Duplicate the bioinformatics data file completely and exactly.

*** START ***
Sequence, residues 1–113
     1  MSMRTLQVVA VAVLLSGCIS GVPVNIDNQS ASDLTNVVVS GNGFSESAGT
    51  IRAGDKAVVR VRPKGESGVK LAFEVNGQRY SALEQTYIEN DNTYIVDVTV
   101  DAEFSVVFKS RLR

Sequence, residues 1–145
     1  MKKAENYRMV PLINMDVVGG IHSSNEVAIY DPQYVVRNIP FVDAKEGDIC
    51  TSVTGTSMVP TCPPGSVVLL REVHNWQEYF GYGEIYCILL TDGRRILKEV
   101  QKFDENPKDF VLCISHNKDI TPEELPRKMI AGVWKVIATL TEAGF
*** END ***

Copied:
Sequence, residues 1–113
     1  MSMRTLQVVA VAVLLSGCIS GVPVNIDNQS ASDLTNVVVS GNGFSESAGT
    51  IRAGDKAVVR VRPKGESGVK LAFEVNGQRY SALEQTYIEN DNTYIVDVTV
   101  DAEFSVVFKS RLR

Sequence, residues 1–145
     1  MKKAENYRMV PLINMDVVGG IHSSNEVAIY DPQYVVRNIP FVDAKEGDIC
    51  TSVTGTSMVP TCPPGSVVLL REVHNWQEYF GYGEIYCILL TDGRRILKEV
   101  QKFDENPKDF VLCISHNKDI TPEELPRKMI AGVWKVIATL TEAGF